According to data, Singapore currently has 40 IC design companies, 14 silicon wafer factories, 8 wafer factories, 20 packaging and testing companies, and some related enterprises responsible for materials, manufacturing equipment, photomask, and other industries. According to IC Insights data, in 2021, Singapore accounted for nearly 5% of the global wafer factory capacity and 19% of the global semiconductor equipment market.

Why is Singapore favored by so many semiconductor manufacturers? As an Asian financial center, Singapore has an extensive network of Double Taxation Agreements (DTAs) with over 80 countries/regions around the world. The main benefits of a DTA are the avoidance of double taxation, lower withholding taxes, and a tax preference system, all of which play an important role in minimizing the tax burden on the holding company structure.

Singapore's tax system is considered "simple and investor friendly". The maximum corporate tax rate for taxable income in Singapore is 17%, and the capital gains tax and dividend income tax are 0%. After tax dividends paid from Singapore are not subject to withholding tax. At the same time, as long as income is taxed in a country/region with an overall tax rate of at least 15%, all income from foreign sources can be exempt from tax. Singapore's regulatory framework provides a level playing field for foreign investors, with no foreign ownership restrictions or foreign exchange controls.

Singapore provides a sound intellectual property (IP) rights system backed by a trustworthy legal system and strong intellectual property infrastructure. The government's intellectual property policy aims to encourage innovation, creativity, and development in Singapore's business sector.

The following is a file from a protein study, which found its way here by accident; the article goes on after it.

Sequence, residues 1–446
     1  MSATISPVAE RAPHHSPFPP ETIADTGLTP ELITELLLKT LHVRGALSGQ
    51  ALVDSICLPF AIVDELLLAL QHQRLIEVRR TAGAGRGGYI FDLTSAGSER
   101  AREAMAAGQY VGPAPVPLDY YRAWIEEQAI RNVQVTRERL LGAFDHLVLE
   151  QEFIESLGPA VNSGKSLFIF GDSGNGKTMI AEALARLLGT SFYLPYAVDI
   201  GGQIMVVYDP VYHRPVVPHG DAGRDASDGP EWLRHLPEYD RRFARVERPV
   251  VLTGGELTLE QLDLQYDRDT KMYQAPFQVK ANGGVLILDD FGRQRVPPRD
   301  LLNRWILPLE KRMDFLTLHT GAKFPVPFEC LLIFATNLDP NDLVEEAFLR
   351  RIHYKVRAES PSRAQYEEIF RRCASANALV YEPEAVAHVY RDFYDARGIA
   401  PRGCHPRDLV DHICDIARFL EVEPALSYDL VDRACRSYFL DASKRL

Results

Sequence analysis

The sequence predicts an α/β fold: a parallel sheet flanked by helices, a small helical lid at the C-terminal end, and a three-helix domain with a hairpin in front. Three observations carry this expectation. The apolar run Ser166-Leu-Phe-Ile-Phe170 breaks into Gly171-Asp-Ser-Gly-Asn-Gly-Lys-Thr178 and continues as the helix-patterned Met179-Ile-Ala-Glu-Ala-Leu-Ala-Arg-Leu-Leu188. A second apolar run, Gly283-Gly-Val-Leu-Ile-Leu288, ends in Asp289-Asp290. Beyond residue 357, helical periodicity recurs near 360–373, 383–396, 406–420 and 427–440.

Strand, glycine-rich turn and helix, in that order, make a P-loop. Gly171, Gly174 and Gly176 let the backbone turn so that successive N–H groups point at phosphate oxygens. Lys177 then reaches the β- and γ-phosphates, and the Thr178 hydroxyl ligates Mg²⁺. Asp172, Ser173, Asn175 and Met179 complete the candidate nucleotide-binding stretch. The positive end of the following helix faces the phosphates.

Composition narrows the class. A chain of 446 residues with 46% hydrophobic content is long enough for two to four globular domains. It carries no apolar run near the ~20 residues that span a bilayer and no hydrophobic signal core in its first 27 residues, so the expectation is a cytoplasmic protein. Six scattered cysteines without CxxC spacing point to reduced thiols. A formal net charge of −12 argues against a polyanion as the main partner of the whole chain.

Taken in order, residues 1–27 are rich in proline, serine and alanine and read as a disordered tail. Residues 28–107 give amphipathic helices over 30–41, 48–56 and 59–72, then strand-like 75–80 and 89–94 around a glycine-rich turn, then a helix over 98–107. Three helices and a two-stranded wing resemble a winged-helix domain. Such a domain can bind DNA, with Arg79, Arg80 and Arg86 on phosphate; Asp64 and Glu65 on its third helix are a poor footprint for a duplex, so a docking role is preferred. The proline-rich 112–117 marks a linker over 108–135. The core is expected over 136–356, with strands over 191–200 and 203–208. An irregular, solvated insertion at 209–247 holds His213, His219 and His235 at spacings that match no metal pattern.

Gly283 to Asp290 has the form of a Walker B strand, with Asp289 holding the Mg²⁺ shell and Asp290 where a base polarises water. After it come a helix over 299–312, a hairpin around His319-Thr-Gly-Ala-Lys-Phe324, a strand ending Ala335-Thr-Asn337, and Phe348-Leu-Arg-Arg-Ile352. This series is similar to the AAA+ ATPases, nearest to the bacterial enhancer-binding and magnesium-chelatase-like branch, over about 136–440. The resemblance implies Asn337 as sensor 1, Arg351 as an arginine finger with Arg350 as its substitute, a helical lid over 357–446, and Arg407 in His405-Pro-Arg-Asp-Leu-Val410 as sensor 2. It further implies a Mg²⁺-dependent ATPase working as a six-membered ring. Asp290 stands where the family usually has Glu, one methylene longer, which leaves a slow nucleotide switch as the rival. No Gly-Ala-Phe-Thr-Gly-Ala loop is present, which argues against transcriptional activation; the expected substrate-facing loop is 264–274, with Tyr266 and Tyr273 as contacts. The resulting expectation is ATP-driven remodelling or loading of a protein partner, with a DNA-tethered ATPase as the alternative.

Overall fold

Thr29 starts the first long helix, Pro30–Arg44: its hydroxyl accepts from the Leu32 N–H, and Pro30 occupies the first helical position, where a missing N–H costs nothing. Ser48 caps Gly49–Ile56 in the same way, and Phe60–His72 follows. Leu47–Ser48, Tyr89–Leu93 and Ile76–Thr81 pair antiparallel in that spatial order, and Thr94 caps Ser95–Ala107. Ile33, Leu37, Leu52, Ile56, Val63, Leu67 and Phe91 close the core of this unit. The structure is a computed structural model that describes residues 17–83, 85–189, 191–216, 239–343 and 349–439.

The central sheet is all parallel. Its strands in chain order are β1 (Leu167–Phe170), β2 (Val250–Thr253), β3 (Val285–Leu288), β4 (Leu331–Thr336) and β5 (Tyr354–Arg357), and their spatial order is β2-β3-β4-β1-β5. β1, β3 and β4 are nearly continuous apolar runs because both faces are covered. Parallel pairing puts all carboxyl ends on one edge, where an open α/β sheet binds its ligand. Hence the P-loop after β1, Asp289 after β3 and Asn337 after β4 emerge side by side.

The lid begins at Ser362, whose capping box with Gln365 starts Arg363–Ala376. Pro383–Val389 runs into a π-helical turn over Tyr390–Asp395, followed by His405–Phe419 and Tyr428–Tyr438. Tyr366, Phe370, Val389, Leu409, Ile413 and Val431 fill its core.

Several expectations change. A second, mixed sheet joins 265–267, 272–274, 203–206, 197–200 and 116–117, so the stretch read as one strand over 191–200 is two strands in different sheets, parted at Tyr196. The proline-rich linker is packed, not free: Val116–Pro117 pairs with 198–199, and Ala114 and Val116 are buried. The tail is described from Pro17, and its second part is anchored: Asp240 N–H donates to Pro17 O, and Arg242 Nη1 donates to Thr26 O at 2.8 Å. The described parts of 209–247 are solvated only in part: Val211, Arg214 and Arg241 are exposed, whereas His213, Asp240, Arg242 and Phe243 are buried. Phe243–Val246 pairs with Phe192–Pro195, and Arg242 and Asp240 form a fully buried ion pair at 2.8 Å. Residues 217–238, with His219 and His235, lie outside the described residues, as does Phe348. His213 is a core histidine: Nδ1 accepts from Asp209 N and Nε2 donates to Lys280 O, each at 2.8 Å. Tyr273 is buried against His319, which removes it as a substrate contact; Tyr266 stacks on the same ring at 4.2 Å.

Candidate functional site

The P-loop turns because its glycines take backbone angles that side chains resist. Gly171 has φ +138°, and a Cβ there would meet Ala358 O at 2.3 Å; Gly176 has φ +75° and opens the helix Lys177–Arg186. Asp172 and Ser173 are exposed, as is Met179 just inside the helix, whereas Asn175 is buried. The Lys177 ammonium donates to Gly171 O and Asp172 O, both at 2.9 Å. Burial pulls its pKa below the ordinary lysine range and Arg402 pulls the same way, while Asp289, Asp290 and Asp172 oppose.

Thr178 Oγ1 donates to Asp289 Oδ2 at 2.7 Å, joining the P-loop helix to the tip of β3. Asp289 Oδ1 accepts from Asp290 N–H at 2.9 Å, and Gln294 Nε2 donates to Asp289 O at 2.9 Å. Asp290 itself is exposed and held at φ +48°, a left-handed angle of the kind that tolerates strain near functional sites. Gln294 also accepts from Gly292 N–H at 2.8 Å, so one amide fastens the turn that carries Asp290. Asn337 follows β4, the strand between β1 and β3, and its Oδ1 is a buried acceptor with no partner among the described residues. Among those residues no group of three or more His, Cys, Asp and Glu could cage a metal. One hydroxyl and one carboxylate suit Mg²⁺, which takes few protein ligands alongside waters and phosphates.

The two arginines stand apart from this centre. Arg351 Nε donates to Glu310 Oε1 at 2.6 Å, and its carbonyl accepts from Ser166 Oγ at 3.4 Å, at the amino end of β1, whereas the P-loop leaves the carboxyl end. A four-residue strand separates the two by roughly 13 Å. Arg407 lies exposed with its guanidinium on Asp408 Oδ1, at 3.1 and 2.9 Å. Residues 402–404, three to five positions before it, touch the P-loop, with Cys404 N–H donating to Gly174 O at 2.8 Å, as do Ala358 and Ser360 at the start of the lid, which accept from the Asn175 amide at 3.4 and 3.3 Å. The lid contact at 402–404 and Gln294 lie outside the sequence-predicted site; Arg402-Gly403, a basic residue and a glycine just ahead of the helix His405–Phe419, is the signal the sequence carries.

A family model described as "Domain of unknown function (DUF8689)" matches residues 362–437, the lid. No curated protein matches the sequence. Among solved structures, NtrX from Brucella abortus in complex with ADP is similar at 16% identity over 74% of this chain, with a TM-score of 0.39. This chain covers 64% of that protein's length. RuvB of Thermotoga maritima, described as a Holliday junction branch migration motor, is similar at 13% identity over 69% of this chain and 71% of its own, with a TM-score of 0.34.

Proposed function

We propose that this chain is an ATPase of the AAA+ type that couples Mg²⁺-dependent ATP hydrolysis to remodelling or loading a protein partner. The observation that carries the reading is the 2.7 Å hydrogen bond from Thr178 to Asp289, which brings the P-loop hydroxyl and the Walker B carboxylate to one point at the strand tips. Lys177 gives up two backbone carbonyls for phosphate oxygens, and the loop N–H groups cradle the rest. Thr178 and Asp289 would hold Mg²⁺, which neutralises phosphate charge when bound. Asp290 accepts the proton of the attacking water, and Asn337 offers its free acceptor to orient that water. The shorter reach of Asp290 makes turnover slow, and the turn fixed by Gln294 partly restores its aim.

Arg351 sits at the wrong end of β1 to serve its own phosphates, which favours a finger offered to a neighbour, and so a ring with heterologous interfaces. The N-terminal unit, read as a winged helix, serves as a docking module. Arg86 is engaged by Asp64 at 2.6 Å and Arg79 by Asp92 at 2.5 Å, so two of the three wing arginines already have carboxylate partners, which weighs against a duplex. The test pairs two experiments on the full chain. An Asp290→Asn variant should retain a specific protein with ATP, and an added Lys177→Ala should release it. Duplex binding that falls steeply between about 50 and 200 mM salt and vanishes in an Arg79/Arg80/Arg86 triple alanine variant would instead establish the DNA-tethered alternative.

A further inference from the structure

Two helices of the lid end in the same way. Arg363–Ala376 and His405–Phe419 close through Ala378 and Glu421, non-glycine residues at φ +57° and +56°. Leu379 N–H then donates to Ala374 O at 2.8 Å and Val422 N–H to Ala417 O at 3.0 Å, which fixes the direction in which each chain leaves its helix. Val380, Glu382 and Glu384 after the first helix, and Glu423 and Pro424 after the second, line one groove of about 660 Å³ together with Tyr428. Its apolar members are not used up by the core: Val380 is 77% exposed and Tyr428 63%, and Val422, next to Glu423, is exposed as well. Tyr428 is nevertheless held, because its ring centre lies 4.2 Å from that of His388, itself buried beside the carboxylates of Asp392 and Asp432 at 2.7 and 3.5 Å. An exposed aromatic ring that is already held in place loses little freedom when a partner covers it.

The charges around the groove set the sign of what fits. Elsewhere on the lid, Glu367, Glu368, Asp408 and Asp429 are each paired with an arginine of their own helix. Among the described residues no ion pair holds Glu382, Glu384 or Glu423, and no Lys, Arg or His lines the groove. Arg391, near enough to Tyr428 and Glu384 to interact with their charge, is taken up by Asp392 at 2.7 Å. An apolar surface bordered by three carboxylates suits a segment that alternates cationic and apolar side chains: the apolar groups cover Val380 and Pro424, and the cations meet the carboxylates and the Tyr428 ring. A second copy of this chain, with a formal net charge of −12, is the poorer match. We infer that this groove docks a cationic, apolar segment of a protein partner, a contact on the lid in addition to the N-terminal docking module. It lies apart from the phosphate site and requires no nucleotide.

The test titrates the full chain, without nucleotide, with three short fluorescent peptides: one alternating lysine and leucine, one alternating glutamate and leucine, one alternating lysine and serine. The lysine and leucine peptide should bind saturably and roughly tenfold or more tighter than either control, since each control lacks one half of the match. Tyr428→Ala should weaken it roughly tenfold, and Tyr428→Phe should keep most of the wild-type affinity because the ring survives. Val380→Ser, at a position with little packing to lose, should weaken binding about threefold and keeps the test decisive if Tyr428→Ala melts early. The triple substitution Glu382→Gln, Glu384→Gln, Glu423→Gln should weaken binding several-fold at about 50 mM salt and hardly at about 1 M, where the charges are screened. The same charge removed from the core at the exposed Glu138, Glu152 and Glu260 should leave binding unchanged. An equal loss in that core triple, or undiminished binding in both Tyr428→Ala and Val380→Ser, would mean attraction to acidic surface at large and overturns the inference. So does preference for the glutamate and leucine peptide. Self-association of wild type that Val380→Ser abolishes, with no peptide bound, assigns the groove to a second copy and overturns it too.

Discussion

The technology and capital intensive high-tech industries represented by the semiconductor industry undoubtedly benefit greatly from these preferential policies, so they are very popular.


What financial enlightenment does it give us?

Whether in the United States, Japan, South Korea, Singapore, or Taiwan, governments in various countries and regions have adopted a policy oriented approach to the development of the semiconductor industry, promoting its development and growth through a series of policy measures. Even during the development period of different industries in the same country, the government's support policies and strategies are also different. From the historical development experience of various semiconductor powers and regions, we can learn that the government's policy guidance plays an inestimable role in the development of the semiconductor industry. To make China's semiconductor industry bigger and stronger, we must persist in continuous self-innovation and create our own intellectual property rights and core competitiveness.